It started out as an RF remote button for commercial timers. Then evolved to replace the passive timer.

Now I can freely turn on and off and +/- buttons to adjust rpm.

This is The last version and have 2 channels, 2 speeds and Panic mode for safer shutdown.




Douglas
« Last Edit: October 31, 2022, 04:11:52 PM by Douglas Bykoff »

Online Teodorico Terry

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Re: esc vs controller
« Reply #6 on: November 05, 2022, 08:41:28 AM »
Gary,

I accidentally discovered that the Castle ESC will shutoff after a prop strike if set-up correctly.  In my case, the model nosed over enough for the prop to strike the grass which ended up shutting it off without the usual on and off that follows an overload.  The programing for the ESC is fairly simple, you just need to set the current limiting to "sensitive" and "hard cutoff".  The only way for the motor to restart would be for the throttle signal from the timer to go back to "off" and then back "on".  Since the timer continued to send a throttle signal the ESC will not spin the prop which gave me enough time to disconnect the battery and start over.  I am not sure that in a hard crash that an electric motor would survive, the battery or ESC.  Given the G's involved everything will shift around.

Good luck,

Teo

Offline Dennis Toth

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Re: esc vs controller
« Reply #7 on: November 08, 2022, 07:30:22 AM »
Doug,
Very cool!! Can you please share your setup and DIY on how to build and connect your system.

Thanks,          DennisT

Offline Jess Medford

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Re: esc vs controller
« Reply #8 on: December 26, 2022, 09:50:28 AM »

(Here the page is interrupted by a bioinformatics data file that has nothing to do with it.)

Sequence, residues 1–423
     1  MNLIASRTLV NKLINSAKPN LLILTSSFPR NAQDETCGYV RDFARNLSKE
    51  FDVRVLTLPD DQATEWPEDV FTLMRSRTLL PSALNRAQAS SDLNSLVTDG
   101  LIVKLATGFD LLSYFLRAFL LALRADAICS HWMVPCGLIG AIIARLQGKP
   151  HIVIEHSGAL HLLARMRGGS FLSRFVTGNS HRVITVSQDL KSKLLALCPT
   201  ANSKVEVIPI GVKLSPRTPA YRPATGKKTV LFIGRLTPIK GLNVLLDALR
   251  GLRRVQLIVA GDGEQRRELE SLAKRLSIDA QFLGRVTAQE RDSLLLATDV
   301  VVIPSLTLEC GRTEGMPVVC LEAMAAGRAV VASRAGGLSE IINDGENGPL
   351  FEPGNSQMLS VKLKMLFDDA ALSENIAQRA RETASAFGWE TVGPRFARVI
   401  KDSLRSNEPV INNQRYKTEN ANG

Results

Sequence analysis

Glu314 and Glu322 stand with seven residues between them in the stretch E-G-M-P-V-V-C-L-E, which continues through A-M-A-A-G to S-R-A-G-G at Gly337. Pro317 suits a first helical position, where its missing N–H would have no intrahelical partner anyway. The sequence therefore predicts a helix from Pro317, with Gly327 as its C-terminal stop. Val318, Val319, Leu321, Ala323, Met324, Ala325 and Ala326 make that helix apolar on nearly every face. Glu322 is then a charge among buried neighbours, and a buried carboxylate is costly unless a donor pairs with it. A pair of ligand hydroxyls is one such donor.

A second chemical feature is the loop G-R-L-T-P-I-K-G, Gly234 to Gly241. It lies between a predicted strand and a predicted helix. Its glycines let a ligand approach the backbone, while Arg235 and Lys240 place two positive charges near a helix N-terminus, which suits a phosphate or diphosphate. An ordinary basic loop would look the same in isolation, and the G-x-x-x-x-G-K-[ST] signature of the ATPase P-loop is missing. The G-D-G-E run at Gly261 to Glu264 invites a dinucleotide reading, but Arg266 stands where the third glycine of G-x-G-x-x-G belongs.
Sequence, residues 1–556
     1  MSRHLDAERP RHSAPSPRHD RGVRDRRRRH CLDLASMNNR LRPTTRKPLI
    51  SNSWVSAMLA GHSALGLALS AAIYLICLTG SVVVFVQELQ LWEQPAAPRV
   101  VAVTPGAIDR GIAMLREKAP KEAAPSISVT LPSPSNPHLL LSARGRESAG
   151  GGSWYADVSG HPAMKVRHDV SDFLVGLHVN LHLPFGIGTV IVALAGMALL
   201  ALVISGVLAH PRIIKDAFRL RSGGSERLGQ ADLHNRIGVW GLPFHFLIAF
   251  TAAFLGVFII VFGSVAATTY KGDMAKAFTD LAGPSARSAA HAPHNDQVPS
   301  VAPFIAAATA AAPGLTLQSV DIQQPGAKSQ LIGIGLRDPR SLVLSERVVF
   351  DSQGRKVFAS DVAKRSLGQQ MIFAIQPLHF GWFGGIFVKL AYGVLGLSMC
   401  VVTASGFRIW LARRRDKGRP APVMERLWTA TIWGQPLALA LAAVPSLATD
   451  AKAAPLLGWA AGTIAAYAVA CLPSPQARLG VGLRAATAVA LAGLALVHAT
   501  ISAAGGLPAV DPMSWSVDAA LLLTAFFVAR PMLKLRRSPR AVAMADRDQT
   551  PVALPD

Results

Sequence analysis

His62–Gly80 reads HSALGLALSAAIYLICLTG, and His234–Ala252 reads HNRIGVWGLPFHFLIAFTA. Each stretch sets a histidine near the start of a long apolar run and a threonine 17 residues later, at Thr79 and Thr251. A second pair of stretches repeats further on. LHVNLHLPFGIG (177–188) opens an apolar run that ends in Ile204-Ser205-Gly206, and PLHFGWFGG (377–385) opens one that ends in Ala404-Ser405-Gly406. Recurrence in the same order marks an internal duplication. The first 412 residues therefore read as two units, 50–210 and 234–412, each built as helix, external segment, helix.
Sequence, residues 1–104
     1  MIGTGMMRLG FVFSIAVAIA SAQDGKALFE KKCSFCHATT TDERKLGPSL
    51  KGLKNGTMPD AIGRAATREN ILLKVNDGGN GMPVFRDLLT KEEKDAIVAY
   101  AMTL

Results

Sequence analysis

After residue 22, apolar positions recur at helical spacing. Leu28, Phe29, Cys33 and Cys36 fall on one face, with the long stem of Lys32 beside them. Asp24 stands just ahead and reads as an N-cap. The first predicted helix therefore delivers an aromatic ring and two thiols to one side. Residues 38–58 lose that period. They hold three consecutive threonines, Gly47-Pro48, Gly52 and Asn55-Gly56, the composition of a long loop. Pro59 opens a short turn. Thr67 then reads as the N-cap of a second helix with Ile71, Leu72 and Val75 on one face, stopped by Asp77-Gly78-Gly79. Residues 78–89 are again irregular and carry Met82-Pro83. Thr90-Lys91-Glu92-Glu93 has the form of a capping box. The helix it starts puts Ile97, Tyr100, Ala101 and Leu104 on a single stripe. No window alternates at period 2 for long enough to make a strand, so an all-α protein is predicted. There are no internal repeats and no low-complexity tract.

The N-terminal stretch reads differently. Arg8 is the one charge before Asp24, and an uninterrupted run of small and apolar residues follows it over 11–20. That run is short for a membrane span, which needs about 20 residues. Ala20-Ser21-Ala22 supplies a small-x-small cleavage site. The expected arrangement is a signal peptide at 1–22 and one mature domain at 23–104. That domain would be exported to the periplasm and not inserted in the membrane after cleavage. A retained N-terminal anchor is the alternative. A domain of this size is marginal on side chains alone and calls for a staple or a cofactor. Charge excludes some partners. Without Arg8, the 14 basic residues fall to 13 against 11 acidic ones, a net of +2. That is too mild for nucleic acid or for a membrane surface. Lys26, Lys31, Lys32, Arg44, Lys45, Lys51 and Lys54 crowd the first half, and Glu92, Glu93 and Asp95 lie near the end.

I've been using standard R/C transmitters for training and test flights, but this looks like an improvement!
What would they cost? Tx looks simple, will they be available over time?
Jess

Offline Douglas Bykoff

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Re: esc vs controller
« Reply #9 on: December 27, 2022, 05:41:37 PM »
Doug,
Very cool!! Can you please share your setup and DIY on how to build and connect your system.

Thanks,          DennisT

Sorry for the long delay in responding. because of the political situation in my country I stopped accessing Stunthangar for a while. Sorry afain.

My device is a PIC controller coupled to a chinese 433mhz receiver. The PIC generates the signal to the ESC. A programming card with just 2 buttons + and - makes programming the rotation speed of the motor. The configuration is stored in the PIC's non-volatile memory.

The pilot's hand control has 2 buttons. Button A toggles between V1 speed and off. Button B can turn the motor on to V1 speed and then switch between V1 and V2 speed.

At any operating speed, pressing button A stops the motor.

If you press and hold button A for 5 seconds the engine will stop immediately and will not restart unless you turn off and reconnect the battery.

The device has a 6-pin contact bar where 3 pins connect to the ESC and the other 3 to the programming card. The receiver and transmitter are synchronized using a button on the receiver.

Offline Douglas Bykoff

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Re: esc vs controller
« Reply #10 on: December 27, 2022, 06:02:16 PM »
This is a derivative of the original model made for use in conjunction with a Timer. it is between the ESC and the timer and the ESC, has 2 buttons A and B.

Button A interrupts the Timer signal to ESC and generates its 1ms signal to turn off the motor immediately. Just disconnecting the signal some ESC takes a few seconds to turn off the engine.

Button B reconnects Timer to ESC.

Offline Douglas Bykoff

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Re: esc vs controller
« Reply #11 on: December 27, 2022, 07:13:59 PM »
I've been using standard R/C transmitters for training and test flights, but this looks like an improvement!
What would they cost? Tx looks simple, will they be available over time?
Jess

I sell the TX, RX and programming card set for the equivalent of 50 dollars here in Brazil. The same transmitter and the card can control several RX.